To gauge the impact an individual's action and legacy will have on a university, examine the significance of the individuals who show up at their retirement party. The influence of Valerie Nilson, Learning Disabilities specialist at the Resource Center for Persons with Disabilities, cannot be understated, as none other than Dr. Lou Anna K. Simon, president of Michigan State University, appeared at her July retirement party to provide gratitude-filled farewell remarks. The evening was filled with reflections from individuals who could highlight Val's involvement and dedication, weaving a story of her legacy using a common thread of passion.
Val recently told her daughter Kaye that she had come to believe that the secret to happiness is to grow where you are planted. Although Val first entered the Resource Center for Persons with Disabilities in 1981 as a temporary secretary in need of the financial support, the center captured her heart. She was soon asked to utilize her compassion and background as an educator as an alternative learning specialist and truly found satisfaction in helping her students overcome challenges. One recent graduate revealed that Val was one of two driving agents who were the reason he had received his diploma from Michigan State University.
The impact of Val's tenure with the ResourceCenter for Persons with Disabilities is likely immeasurable. Director Michael Hudson asserted that her fingerprintswere probably on most of the center's programs, even on his own involvementwith the center. \Val was one of the keyleaders in getting me to come to MSU, and I still remember clearly the day shecalled me," he told attendees. "That'sthe kind of persistence and dedication that Val has used all the time I'veknown her...I always think of Val as exceptional, sustained excellence, and shedoes that from heartfelt compassion." Dr.Norm Abeles of the Psychology Clinic described Val's determination in the 1980sto establish an appropriate assessment that could be used to test students withlearning disabilities to determine their strengths and weaknesses and matchthem with appropriate accommodations. Her quest for accommodation did not stop on MSU's campus, or even in the United States, as Val and Cindy Chalou, Assistant Director of the Office of Study Abroad, consistently worked for 15 years to support the global aspirations of students with disabilities. Although only one student with a disability studied abroad between 1996 and 1999, their determination led to the establishment of the Disability in a Diverse Society program hosted jointly by the Office of Rehabilitation and Disability Studies in the College of Education andRCPD. Chalou praised Val's leadership in coordinating the program and establishing the Quality Funds scholarship, and called her "consistently passionate about opening doors to students who had previously not considered traveling or studying abroad."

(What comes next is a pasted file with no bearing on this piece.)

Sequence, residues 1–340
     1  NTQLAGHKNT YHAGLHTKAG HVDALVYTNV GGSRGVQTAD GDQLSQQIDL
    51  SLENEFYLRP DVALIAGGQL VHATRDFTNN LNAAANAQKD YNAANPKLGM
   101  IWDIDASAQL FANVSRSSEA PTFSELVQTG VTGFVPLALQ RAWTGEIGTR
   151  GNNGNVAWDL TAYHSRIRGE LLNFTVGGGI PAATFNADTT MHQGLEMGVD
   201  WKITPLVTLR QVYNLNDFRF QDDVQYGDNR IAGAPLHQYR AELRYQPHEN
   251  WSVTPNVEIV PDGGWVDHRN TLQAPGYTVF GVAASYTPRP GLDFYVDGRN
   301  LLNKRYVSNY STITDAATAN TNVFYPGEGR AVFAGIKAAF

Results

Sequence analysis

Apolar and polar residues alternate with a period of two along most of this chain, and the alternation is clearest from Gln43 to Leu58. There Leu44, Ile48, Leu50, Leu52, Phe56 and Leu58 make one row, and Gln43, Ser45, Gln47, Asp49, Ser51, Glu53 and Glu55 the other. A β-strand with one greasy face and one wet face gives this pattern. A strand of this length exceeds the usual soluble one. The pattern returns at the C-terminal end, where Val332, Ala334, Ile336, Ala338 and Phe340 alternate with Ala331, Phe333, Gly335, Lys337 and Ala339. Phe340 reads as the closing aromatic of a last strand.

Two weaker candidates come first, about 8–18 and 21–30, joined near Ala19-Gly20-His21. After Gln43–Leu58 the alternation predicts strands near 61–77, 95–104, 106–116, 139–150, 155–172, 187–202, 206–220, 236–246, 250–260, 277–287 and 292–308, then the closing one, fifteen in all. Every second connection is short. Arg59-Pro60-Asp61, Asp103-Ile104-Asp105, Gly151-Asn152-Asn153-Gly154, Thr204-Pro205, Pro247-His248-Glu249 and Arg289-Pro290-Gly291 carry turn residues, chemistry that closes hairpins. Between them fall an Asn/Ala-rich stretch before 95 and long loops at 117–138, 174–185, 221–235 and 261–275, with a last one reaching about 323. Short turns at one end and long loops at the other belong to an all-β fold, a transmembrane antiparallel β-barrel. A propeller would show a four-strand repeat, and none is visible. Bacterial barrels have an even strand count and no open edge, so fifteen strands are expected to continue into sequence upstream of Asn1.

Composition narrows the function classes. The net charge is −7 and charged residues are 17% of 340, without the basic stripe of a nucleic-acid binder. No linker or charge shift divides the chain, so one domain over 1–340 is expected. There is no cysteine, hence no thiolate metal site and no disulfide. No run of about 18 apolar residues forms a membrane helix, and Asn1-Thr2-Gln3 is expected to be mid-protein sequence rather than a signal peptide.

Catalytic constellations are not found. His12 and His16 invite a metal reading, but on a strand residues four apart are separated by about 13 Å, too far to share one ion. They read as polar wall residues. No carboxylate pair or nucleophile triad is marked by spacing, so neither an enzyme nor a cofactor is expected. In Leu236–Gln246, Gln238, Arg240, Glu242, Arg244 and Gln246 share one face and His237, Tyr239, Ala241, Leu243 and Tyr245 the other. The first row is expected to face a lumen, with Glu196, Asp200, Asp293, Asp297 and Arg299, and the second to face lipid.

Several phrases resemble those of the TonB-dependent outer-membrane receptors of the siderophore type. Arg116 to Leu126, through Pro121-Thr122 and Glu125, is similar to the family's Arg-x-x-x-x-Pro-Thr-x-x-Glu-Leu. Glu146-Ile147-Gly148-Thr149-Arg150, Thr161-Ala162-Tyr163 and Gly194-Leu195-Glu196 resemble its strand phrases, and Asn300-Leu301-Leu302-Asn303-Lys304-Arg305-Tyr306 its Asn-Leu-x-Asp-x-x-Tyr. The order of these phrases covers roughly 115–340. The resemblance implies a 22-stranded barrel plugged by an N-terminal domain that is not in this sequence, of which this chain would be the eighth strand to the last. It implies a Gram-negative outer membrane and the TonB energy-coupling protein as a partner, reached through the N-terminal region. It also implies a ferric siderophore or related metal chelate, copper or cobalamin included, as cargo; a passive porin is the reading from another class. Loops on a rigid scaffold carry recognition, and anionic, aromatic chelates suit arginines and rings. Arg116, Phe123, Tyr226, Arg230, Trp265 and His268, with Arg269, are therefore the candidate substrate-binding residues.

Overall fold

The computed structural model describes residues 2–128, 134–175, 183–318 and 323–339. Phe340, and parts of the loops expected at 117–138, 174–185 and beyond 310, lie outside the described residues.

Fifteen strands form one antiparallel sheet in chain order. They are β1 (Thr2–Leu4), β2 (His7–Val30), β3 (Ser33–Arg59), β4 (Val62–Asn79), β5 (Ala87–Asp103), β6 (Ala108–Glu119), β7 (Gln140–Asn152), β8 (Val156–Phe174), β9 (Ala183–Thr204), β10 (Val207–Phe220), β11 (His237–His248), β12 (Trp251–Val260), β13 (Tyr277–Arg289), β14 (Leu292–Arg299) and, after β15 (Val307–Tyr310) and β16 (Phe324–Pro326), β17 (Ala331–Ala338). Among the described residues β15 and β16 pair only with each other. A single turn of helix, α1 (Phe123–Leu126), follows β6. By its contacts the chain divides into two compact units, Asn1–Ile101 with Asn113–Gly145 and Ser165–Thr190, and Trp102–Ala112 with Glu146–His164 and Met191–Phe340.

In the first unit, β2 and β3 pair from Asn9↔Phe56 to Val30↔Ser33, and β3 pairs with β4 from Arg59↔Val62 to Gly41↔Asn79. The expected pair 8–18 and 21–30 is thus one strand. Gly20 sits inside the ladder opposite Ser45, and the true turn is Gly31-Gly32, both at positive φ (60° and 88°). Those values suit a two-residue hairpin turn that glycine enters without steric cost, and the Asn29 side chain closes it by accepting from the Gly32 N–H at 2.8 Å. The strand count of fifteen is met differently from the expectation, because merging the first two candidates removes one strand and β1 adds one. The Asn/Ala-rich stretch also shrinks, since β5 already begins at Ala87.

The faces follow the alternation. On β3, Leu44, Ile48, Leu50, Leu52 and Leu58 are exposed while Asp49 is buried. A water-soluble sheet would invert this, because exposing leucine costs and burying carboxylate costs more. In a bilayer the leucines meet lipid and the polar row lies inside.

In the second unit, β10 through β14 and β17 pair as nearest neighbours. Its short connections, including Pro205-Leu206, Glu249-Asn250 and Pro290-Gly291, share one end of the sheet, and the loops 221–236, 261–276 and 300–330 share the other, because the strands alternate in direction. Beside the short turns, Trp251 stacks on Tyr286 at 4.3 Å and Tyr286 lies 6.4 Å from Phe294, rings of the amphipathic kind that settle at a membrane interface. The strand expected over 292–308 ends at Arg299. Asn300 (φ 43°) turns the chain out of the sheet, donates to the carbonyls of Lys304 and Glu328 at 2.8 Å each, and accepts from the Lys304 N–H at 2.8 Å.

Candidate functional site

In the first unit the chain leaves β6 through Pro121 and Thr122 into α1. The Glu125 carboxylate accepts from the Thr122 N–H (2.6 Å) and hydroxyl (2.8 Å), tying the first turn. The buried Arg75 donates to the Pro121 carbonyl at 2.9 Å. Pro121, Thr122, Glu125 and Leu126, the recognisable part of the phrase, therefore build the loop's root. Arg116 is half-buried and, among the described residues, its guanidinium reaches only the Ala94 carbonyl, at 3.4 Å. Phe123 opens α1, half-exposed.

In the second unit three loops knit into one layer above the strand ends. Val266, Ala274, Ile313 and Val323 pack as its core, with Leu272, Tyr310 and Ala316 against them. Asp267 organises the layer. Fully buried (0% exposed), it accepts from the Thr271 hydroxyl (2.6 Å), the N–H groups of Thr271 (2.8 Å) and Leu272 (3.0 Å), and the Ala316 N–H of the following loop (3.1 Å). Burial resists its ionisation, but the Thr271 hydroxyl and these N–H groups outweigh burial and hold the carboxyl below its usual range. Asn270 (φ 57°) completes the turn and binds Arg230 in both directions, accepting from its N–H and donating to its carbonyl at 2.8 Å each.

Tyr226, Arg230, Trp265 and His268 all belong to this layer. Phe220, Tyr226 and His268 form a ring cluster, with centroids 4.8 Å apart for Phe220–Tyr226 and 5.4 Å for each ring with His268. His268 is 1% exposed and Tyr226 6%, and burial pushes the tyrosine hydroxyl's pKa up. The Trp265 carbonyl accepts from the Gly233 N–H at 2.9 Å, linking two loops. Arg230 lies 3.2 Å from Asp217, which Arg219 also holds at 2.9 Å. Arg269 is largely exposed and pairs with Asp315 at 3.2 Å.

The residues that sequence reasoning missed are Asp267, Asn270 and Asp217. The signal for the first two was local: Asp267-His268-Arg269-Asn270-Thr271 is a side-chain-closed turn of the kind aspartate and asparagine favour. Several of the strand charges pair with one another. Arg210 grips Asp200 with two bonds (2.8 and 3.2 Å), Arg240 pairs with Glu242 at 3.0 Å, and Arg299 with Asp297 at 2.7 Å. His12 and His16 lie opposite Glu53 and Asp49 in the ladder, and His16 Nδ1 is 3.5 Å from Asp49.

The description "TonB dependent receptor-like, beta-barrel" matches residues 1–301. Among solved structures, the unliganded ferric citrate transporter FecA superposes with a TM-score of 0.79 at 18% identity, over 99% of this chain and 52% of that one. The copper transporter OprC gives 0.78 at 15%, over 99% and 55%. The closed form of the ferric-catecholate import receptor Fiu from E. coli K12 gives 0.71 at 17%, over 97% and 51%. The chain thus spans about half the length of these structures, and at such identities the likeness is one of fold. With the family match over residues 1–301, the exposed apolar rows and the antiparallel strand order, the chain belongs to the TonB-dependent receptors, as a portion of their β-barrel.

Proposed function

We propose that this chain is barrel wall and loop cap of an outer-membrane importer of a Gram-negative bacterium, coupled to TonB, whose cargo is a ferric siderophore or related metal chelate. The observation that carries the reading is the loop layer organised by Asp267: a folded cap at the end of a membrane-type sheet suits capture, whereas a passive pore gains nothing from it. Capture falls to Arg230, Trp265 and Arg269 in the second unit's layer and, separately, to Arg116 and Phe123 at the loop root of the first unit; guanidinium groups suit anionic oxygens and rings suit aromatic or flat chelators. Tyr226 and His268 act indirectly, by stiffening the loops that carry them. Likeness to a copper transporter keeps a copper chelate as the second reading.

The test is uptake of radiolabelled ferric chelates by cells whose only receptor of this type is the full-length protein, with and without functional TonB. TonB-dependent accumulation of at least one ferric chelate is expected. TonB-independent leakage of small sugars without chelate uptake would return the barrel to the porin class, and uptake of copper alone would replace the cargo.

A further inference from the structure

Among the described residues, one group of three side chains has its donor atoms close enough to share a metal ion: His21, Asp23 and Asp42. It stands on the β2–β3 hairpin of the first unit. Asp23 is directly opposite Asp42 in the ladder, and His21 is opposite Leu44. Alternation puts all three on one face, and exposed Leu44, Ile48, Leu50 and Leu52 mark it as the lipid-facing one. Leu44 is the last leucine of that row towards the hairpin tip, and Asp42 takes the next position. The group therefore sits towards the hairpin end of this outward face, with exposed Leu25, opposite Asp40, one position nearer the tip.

Val'sinvolvement with RCPD did not stop at establishing programs, recruiting personnel, and writing grants. Upon the death of Judy Gentile, the founder of the Office of Programs for HandicapperStudents (now the RCPD) in 1993, Val became the center's interim director, exercising what President Simon referred to as a type of"quiet elegance, but at the same time a steely nerve, that it takes to manipulate a bureaucracy, to do the right thing for students." In addition to serving in leadership roles in the Michigan Association of Higher Education and Disabilities (MI-AHEAD) and the Learning Disabilities Association of Michigan, Val made time to participate in a volunteer faculty mentoring program. Twelve years later, then-mentee and now-Residence Hall Director Temple Smith praised Val for not only helping her navigate the university and balance academic priorities, but for teaching her to "skillfully watch birds, decorate a Christmas tree properly, and bake oatmeal cookies with homemade icing."
Val asserts that the accomplishments outlined above were the result of collaborative efforts; "this job has given me more than I've been able to give. It has given me a sense of fulfillment, and many, many friendships," she said. Despite her modesty, Val's tenure at Michigan State University and the Resource Center for Persons with Disabilities is one that no one, not even the president (who encouraged Val to become one of the volunteers she had spent years recruiting), was happy to see the end. As Kaye so articulately stated, we are all grateful that she planted herself in a role that allowed her to not only "share [her] gifts, but find fulfillment."
(Val Nilson with Darryl Steele, the Learning Disabilities Specialist who will be filling her shoes.)